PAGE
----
The animated adventure Fly Me to the Moon pretty much confirms 3-D's status as mere gimmickry. I know filmmakers and critics alike are calling 3-D the wave of the future, but aside from a select few cases I don't know any movie that's actually been enhanced by this technique. Most of the time it's cheap way of masking a poorly written story or script, and nowhere is this more true than with Fly Me to the Moon. It's a film for which the "kids will like it" argument is a thin beef, since I think even children will see through this lame grab at their parents' hard-earned cash.
The year is 1969, and young Nat (Trevor Gagnon) is a little fly with big dreams. Having grown up next door to the Kennedy Space Center, Nat has spent his life wishing he could join the astronauts on their voyages to outer space. One day, inspired by his adventurous grandpa (Christopher Lloyd), Nat goes about fulfilling his dreams once and for all. Accompanied by his best friends, egghead I.Q. (Philip Bolden) and pudgy Scooter (David Gore), our hero decides to hitch a ride with the Apollo 11 crew and be there as mankind takes its first steps on the moon. But their journey isn't all smooth sailing. Not only do glitches threaten to endanger their flight, rival Russian flies attempt to sabotage the mission and maintain their lead in the space race.
Like most kid-oriented features, Fly Me to the Moon is inherently harmless. It only aims to entertain the little ones and leave them with a nice message about following your dreams. This is all well and good, but it's getting to be that too many movies are taking this easy way out, sacrificing quality and originality for the sake of giving kids the same bundle of morals they've seen dozens of times. It's insulting how little effort is put into these films, from the stereotypical characters to the suspicious absence of a real heart. Fly Me to the Moon is the straw that broke the camel's back, for nearly everything about this movie earned my ire in one form or another.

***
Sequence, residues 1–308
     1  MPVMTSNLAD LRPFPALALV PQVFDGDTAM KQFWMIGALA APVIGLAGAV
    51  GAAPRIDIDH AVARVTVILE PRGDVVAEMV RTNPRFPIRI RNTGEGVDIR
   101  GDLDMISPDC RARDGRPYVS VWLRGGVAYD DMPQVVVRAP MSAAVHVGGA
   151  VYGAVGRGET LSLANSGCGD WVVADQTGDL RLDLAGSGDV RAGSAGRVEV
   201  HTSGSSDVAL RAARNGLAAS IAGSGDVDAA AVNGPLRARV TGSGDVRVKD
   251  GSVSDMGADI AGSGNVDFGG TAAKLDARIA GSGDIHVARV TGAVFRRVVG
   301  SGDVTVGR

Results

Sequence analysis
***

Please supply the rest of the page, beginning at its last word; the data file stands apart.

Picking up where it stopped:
The script is first on the chopping block for it's as sorry an excuse for a piece of writing as there's ever been. I'd hesitate to say it even has jokes, for what the film considers to be humor comprises cringe-worthy puns and even worse characterizations. The worst offender of all is Scooter, who refuses to shut up about eating food for the duration of his part. Don't be surprised to find yourself reaching for the swatter as soon as this little butterball opens his mouth.
You may be asking that with such a rancid and unimaginative script, does the animation redeem Fly Me to the Moon? Yes and no. When it comes to environments, the film is very lush and detailed. It was a real treat to be taken on a tour of such eye-popping settings, from Nat's backyard home to the inner workings of the Apollo 11 shuttle. But for whatever reason, such pleasing visuals didn't carry over to the characters. Not only are the anthropomorphized bugs just flat-out creepy, the humans all look like emotionless mannequins. Kids won't mind, but I can't vouch for the psychological safety of their parents. As far as voice acting goes, Fly Me to the Moon is a mixed bag. The screeching done by the three main kids is enough to shatter your eardrums, but I liked the enthusiastic effort given by Lloyd as Grandpa McFly (har, har). Also relishing his part was Tim Curry, cast as a treacherous Russian fly (I didn't know bugs could be socialist, but I digress).
Fly Me to the Moon would have worked better — perhaps even brilliantly — had it been maybe 20 minutes instead of 84. As is, it stretches the concept way too far and tests a viewer's suspension of disbelief one too many times (which is strange, considering the real Buzz Aldrin's balloon-bursting cameo before the end credits). I'd say Fly Me to the Moon might entertain really little kids, but I'm sure there are a few cynical toddlers out there who will prove me wrong.Powered by Sidelines